Schools can reopen for all pupils from 8 March

Pupils can return to face-to-face education in school and further education in England. Wraparound childcare, such as after-school clubs, can reopen.

To reduce the spread of Covid-19, it is vitally important that you and your family continue to follow government guidance. This enables the measures that education settings have put in place to be as effective as possible. 

Symptom free testing - rapid COVID-19 tests using lateral flow devices (LFDs)

People can have COVID-19 without realising it. Symptom free, or ‘asymptomatic’ testing helps to rapidly identify people who have COVID-19 but have no symptoms who could be passing it on to others without knowing.

How to get symptom free testing using a rapid lateral flow test


Families and households with primary school, secondary school and college age children, including childcare and support bubbles, will be able to test themselves twice weekly from home using lateral flow devices (LFDs).   

There are different ways to get a test:

Secondary school pupils

Upon returning to school, secondary school pupils will be asked to take their:

  • first 3 tests at their place of study under the supervision of a trained operator
  • fourth test themselves using a home test kit

Pupils will then continue taking twice-weekly tests using a home test kit provided by their school. Pupils must report their result to NHS Test and Trace as soon as the test is completed, either online or by telephone, as set out in the home test kit instructions.

Testing remains voluntary, and it is not mandatory for your child to be tested in order to return to school. However, regular testing can prevent people from unknowingly spreading the virus. Where possible, please support your child to take these tests.

What twice-weekly testing involves

You will be asked to:

  • take a test twice a week (every 3 or 4 days apart)
  • report every result to NHS Test and Trace on the same day you take the test

Report your test result online or by calling 119.

If anyone tests positive or gets coronavirus symptoms, they should tell the school and:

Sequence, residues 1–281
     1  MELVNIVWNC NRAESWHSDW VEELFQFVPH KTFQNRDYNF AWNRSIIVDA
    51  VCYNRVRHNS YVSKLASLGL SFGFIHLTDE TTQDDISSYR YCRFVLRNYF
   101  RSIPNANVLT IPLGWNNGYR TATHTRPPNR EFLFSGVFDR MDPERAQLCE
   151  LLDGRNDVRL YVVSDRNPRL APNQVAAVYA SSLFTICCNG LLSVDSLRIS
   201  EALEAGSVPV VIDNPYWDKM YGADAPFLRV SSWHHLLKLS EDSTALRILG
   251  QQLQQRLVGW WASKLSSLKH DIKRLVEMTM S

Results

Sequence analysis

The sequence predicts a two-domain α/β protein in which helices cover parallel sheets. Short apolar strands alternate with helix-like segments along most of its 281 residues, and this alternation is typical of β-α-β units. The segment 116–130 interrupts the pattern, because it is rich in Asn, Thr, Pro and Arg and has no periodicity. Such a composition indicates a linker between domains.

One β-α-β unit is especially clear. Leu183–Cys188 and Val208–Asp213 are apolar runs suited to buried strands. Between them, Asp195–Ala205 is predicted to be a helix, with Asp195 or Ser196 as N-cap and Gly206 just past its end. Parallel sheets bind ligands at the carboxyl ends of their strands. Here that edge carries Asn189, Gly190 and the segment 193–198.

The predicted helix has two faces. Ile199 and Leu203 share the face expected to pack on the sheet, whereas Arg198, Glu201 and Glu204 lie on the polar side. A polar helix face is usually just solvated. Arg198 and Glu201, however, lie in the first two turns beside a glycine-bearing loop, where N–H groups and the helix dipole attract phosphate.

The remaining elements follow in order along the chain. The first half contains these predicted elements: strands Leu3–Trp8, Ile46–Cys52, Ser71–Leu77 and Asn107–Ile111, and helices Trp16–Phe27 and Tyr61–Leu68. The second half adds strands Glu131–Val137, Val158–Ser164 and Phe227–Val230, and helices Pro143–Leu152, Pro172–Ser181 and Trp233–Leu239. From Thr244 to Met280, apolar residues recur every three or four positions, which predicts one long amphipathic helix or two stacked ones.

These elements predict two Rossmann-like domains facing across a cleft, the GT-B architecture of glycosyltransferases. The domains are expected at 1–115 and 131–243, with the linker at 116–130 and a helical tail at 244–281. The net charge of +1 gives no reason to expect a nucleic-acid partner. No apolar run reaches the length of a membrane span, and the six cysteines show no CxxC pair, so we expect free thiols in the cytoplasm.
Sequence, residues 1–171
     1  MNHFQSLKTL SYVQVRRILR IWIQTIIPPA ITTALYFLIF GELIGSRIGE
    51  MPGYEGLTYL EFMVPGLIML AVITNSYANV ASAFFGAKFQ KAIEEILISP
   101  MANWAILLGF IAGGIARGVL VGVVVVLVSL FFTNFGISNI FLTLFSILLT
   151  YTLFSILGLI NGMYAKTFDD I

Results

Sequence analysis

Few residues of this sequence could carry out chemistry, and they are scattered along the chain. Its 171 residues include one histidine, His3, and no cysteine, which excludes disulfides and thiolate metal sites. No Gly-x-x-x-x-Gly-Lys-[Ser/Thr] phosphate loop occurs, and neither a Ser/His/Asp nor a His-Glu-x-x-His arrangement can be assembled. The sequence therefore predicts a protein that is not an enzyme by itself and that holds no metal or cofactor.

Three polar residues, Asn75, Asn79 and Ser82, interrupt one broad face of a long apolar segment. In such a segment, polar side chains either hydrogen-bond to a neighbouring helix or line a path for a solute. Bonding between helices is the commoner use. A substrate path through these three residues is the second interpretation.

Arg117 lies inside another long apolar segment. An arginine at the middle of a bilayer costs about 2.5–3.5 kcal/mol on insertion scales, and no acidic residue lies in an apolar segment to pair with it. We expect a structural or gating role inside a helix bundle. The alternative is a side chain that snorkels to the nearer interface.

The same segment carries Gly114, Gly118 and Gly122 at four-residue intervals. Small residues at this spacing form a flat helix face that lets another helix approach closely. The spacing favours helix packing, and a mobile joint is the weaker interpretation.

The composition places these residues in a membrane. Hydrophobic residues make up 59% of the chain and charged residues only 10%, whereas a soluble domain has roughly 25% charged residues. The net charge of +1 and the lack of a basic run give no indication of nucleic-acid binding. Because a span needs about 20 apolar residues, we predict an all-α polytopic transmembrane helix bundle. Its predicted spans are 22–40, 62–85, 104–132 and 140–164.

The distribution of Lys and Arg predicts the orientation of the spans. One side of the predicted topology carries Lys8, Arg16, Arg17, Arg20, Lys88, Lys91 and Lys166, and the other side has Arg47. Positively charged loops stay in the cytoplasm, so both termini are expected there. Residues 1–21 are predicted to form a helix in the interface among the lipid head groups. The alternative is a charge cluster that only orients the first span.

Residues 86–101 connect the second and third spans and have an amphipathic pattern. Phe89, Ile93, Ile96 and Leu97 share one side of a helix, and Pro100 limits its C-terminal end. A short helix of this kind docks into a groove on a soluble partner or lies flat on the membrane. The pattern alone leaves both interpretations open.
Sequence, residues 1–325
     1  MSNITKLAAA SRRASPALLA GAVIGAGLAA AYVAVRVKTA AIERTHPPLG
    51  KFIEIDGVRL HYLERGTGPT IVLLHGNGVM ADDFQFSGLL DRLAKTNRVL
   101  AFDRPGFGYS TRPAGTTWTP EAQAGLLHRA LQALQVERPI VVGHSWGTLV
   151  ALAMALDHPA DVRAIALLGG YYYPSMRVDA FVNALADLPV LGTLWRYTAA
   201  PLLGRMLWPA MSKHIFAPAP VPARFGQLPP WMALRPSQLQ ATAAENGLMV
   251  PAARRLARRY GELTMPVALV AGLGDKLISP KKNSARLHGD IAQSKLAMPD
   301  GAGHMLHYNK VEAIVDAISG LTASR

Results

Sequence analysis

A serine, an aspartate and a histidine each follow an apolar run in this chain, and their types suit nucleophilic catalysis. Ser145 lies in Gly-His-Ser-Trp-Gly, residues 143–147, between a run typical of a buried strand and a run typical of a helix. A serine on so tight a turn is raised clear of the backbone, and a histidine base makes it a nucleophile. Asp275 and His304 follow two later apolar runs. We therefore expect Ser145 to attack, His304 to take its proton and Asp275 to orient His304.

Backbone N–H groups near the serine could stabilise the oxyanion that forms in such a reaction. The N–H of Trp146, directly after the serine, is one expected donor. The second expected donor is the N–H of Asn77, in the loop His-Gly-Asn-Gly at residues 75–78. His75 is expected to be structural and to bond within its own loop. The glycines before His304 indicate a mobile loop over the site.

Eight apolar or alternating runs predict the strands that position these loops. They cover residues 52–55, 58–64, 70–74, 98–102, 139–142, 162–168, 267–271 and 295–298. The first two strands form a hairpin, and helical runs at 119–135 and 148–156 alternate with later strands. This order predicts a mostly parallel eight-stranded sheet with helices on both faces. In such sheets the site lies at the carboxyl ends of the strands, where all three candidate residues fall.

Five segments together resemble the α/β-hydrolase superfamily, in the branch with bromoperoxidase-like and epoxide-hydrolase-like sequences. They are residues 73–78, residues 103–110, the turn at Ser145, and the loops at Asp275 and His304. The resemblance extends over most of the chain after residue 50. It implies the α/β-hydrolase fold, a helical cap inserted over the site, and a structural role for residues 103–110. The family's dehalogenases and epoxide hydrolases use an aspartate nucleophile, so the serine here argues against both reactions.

A negative result means the test did not find signs of coronavirus. But this does not guarantee you do not have coronavirus, so you should keep following all coronavirus advice including:

Pre-school and primary school children

Pre-school children and primary aged pupils do not need to be regularly tested. Staff will be invited to take part in symptom-free twice weekly testing to help reduce transmission of the virus and keep everyone safe.

Travel to and from school or nursery

Travelling on foot or by bike is the safest way to avoid catching or spreading COVID-19.

Whatever method of transport your child uses, encourage them to avoid travelling or walking in groups. If you travel with your child, take care to maintain social distancing at drop-off and pick-up times.

If your child needs to travel to school by bus and is 11 years or over, they have to wear a face covering – unless they are exempt. 

Avoid travelling in cars with other households

If you have to travel with people outside your household group, try to share the transport with the same people each time. Keep the windows open, wear a face covering, keep some distance wherever possible and clean the vehicle between journeys.  

Early years and childcare

Early years settings including nurseries and childminders are open to all children.

From 8 March, out-of-school settings and wraparound childcare providers will be able to offer indoor and outdoor provision to all children. However, parents and carers will only be able to access settings for certain essential purposes including for vulnerable children and to allow parents to work.

Parents are able to form a childcare bubble with one other household for the purposes of informal childcare, where the child is under 14 - this is mainly to enable parents to work, and must not be used to enable social contact between adults

Some households will also be able to benefit from being in a support bubble

Nannies can continue to provide services, including in the home

From 29 March out-of-school settings and wraparound providers will be able to offer:

  • outdoor provision to all children
  • indoor provision to:
    • vulnerable children and young people
    • children on free school meals, where they are attending as part of the Department for Education’s holiday activities and food programme
    • allow parents to work

Please see government guidance for more details.

Family Information Service

The helpline is currently open Monday to Friday 10am to 2pm. You can also email your enquiry to

Children's Centres

Please visit our Children’s Centres page for more information.

Wellbeing and mental health support

During lockdown schools will have staff available for you to speak to.

If you have any specific concerns about your child, please contact your school or early years setting directly.

If you are worried about your child’s mental health and wellbeing, we recommend you visit the YMCA DownsLink Group's online ‘e-wellbeing’ resource.

The council’s Schools Wellbeing Service has a consultation line for parents and carers who may be concerned about emotional wellbeing and mental health issues.

If you would like to speak to a mental health worker, please send an email to

If you have particular worries or concerns around special educational needs (SEN) issues, please speak to your school SENCo.

If parents can’t get hold of the school SENCo and their child has an EHC plan they can contact their SEN case worker.

Find more information about the support available for children who have SEND

The Brighton & Hove Inclusion Support Service (BHISS) is running an open email for parents and carers. If you are concerned about your child’s development and emotional wellbeing, please send an email to